My friend and I had rented a car, so that’s what we did. We drove up into the park where we discovered the Trail Ridge Road, the highest paved through-road in the country, with a peak elevation of 12,183 feet, more than twice as high as the city of Denver. Sounded like a cool experience, so we took it and followed it up the mountain.

The vistas were amazing. The skies were a kind of blue I had never seen, the mountain peaks were better in person than anything I’d seen in pictures. We pulled off the road at several overlooks and took pictures and praised God for God’s handiwork.

And then, after about two hours I began to get a headache. Then I began to feel nauseated. Then I started getting dizzy and short of breath. I told my friend what I was feeling and we got in the car and headed back down the mountain.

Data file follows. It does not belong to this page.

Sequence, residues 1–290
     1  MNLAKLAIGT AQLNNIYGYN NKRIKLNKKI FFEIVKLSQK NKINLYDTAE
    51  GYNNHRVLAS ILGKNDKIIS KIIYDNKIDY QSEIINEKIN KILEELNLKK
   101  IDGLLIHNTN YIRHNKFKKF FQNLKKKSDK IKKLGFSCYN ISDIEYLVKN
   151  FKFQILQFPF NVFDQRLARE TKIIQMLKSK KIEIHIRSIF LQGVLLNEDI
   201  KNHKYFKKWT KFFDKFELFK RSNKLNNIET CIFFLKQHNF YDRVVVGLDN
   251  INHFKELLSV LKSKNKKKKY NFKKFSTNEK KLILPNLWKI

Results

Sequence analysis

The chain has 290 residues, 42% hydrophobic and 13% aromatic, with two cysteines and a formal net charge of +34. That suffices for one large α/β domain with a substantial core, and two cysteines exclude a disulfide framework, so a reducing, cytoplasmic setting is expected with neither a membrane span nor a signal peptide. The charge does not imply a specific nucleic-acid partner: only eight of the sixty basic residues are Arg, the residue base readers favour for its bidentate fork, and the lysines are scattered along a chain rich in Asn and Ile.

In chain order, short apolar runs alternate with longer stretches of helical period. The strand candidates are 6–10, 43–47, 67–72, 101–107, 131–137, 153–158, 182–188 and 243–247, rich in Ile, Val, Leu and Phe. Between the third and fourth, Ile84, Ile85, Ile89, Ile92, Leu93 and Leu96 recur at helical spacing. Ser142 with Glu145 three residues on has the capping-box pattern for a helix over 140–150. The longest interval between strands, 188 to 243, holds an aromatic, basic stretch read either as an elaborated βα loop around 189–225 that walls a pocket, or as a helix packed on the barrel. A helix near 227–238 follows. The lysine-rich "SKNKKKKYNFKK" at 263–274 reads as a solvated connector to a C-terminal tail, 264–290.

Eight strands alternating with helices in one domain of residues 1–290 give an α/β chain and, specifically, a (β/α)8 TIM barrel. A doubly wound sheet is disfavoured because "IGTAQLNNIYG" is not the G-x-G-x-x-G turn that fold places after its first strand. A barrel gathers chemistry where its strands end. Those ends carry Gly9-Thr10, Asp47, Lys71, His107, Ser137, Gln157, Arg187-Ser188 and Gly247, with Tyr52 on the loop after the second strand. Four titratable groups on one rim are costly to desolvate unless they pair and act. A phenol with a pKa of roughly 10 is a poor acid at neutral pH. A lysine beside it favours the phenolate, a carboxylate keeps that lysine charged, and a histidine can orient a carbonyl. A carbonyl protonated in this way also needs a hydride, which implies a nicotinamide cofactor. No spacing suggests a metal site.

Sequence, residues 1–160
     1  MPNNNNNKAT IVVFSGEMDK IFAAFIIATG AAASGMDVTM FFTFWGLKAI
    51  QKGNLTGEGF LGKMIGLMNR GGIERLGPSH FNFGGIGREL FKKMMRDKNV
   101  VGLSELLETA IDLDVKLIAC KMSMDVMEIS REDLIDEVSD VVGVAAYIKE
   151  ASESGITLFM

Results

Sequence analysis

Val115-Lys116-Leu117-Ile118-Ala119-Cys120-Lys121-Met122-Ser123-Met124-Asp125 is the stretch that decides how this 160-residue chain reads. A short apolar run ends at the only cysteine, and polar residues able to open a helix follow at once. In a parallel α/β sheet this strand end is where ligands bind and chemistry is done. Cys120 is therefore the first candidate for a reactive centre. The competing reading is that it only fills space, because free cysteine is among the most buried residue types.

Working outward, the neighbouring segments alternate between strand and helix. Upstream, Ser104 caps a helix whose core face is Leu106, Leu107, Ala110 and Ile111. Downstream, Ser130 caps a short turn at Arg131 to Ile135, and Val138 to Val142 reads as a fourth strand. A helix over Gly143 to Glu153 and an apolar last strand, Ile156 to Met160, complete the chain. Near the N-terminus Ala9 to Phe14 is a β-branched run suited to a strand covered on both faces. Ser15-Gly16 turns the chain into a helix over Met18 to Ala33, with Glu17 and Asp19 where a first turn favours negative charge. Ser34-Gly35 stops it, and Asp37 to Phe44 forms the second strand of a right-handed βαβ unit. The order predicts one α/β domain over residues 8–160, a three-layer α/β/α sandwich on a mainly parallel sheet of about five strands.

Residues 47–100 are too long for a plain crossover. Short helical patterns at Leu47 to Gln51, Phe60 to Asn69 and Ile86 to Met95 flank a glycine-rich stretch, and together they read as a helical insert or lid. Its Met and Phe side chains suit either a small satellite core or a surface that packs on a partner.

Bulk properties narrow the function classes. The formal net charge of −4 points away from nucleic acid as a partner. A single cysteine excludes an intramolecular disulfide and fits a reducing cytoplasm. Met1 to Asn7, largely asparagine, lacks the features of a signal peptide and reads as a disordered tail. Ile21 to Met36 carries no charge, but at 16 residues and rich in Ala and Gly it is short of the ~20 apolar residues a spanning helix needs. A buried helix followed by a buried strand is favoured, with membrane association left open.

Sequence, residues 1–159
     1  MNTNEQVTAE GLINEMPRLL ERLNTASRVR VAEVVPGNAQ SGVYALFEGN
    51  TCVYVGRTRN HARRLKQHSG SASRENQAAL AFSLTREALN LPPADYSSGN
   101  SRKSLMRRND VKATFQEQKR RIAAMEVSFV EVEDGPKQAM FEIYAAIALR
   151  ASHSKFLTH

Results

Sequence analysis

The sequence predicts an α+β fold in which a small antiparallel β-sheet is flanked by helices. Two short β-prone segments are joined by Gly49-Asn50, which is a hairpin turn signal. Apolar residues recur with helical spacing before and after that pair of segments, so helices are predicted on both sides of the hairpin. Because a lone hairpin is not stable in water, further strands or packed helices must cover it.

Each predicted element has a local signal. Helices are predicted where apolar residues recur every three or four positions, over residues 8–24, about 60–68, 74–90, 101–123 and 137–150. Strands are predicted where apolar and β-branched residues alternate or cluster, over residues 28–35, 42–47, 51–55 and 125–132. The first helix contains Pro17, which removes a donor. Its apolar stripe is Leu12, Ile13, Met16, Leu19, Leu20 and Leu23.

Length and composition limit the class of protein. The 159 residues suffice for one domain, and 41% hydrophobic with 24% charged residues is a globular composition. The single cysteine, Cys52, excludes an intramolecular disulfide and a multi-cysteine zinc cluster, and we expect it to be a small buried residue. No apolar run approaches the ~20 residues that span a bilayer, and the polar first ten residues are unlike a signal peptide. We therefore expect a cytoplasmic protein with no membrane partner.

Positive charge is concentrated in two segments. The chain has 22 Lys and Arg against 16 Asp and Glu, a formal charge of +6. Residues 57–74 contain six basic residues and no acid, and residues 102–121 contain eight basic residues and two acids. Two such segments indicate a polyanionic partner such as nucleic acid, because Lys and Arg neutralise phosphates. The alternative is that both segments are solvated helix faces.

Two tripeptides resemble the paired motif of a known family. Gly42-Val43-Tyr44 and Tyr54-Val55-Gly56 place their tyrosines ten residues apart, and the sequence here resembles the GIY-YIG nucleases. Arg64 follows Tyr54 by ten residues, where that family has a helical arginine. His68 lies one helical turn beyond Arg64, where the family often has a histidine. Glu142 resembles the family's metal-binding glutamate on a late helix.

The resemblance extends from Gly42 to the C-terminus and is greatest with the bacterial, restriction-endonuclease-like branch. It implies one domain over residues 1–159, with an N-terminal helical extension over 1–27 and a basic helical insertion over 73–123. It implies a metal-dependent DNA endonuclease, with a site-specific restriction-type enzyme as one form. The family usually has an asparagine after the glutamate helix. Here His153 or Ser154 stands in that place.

As we approached Estes Park my symptoms began to abate. We stopped at a little sidewalk café where I had a cup of tea to help settle my stomach and we got into a conversation with an elderly couple at another table, sharing with them what had happened to me.

They nodded their heads, knowingly. “Mountain sickness,” said the man. “Happens to some folks. If you’re prone to it, it’s best not to spend too much time on the mountaintop. Just go slow for short visits but don’t pitch your camp up there.”

* * *

Matthew 17:1-9
Down From The Mountaintop (Mountaintop Experience)
It is almost a cliché to preach on the story of the Transfiguration without paying at least a little lip service to verses which follow that story, those that describe Jesus and the disciples coming down from the mountaintop and back into the real world.

What a letdown it must have been.

I know that experience.

I consider that two of the most profound mountaintop experiences I have had were the births of my children. I was there to coach my wife through labor and I was there to welcome them into the world and to hold them when they were but moments old. And, for me, in those moments, the rest of the world simply vanished.